I’m going to come right out and say that I like Magnepan‘s Wendell Diller more than a little. He’s a damn fine fellow, opinionated as all hell, and pretty much a walking encyclopedia about the high-end audio industry. The fact that he led Magnepan to become a very early supporter of Part-Time Audiophile shows his impeccable taste.
In the spirit of full disclosure, I am also a fan of the brand, and was a very proud owner of a pair of new 3.7 panels up until very recently and the reason I am an ex-owner was precisely due to their unwieldy size — reviewers have to move things a lot, and storing panels currently not in use was problematic. Oh well.
Which is one of the reasons I think that the smaller Maggies, like the Mini, is pretty much perfect. The degree to which the smaller panels capture the sound of the larger is uncanny.
Which is why the demo here at Newport was so particularly interesting.
The showcase circled around the pre-launch of the dot-7 (as in, .7), which puts it squarely below the 1.7 (and the 3.7 and 20.7), but above the other loudspeakers in the lineup, specifically everything that falls below the 12, the unit that the dot-7 replaces.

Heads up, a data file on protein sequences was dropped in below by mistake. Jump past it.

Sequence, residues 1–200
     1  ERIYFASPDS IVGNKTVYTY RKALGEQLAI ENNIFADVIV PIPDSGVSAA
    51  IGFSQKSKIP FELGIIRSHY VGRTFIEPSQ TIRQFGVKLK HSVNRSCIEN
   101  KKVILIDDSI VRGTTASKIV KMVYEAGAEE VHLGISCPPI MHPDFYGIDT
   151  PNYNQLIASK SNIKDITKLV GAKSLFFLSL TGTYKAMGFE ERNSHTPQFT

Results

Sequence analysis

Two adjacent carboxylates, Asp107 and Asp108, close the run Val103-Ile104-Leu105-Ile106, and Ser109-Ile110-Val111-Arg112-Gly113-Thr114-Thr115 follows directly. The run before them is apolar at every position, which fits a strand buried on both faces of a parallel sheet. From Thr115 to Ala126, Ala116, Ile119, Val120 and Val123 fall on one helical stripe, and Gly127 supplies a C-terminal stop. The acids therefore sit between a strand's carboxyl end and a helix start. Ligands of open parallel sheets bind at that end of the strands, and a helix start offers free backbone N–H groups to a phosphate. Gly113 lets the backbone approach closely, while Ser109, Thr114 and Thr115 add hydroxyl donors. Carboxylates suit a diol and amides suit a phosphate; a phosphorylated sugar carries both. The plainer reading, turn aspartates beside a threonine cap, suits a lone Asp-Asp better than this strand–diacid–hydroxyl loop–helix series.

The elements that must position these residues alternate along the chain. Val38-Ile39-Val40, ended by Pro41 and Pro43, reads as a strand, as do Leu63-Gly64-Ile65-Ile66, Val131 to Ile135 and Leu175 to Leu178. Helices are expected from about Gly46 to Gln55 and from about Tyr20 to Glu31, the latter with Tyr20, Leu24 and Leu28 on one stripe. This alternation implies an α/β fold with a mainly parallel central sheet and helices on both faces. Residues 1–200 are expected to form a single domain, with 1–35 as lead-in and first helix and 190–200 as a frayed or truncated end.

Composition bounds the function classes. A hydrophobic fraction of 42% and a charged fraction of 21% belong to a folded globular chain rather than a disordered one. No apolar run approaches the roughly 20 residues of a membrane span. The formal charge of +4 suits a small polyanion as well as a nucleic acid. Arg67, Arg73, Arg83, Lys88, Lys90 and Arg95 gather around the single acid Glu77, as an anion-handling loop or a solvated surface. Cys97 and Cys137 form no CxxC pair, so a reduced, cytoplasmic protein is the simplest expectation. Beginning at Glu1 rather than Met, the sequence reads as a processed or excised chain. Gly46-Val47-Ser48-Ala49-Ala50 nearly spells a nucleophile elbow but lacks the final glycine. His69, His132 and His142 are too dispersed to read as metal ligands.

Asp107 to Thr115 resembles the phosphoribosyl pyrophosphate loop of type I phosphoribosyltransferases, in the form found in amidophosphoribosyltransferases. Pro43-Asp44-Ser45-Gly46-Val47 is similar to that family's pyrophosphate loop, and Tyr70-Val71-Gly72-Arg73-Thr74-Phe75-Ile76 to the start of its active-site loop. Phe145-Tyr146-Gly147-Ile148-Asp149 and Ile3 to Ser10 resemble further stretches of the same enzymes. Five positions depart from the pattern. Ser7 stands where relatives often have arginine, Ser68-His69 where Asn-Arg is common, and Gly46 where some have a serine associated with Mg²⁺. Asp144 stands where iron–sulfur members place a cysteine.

The setup here was very reminiscent of the demo I caught in Newport two years ago, with what I’m told was the same hidden center-channel tucked behind the curtain. Why hidden? Wendell apparently believes that “fill” is great for widening the sweet spot, which is undeniably true, as there wasn’t a bad seat in this room, but since it wasn’t the point, why bother focusing on it. Some in the press have taken the omission of mention of this hidden speaker rather hard — all the more reason to have a proper room sheet ready to roll so nothing gets overlooked in a verbal walk through. Ahem. Anyway.
What I heard was almost exactly what I was used to hearing at home — seamless coherence and wicked holography. Stunning, actually. With the two supplementary DWM bass panels (here “disguised” as lamp stands), the sound in the room was fulsome, robust, and lacking for nothing. Pricing is still TBD, but should be less than the Mini System.
In an interesting twist, the audience was invited to select the fit and finish they preferred — two possibilities were on offer. Me, I preferred the right-channel’s integrated stand on an aesthetic basis, but since neither of them seemed as rigid as my old Mye Stand, I wasn’t particularly invested. What I do know is that whichever they choose, Magnepan is going to have a genuinely high-end audio speaker for much less than $2k, and that’s fantastic news.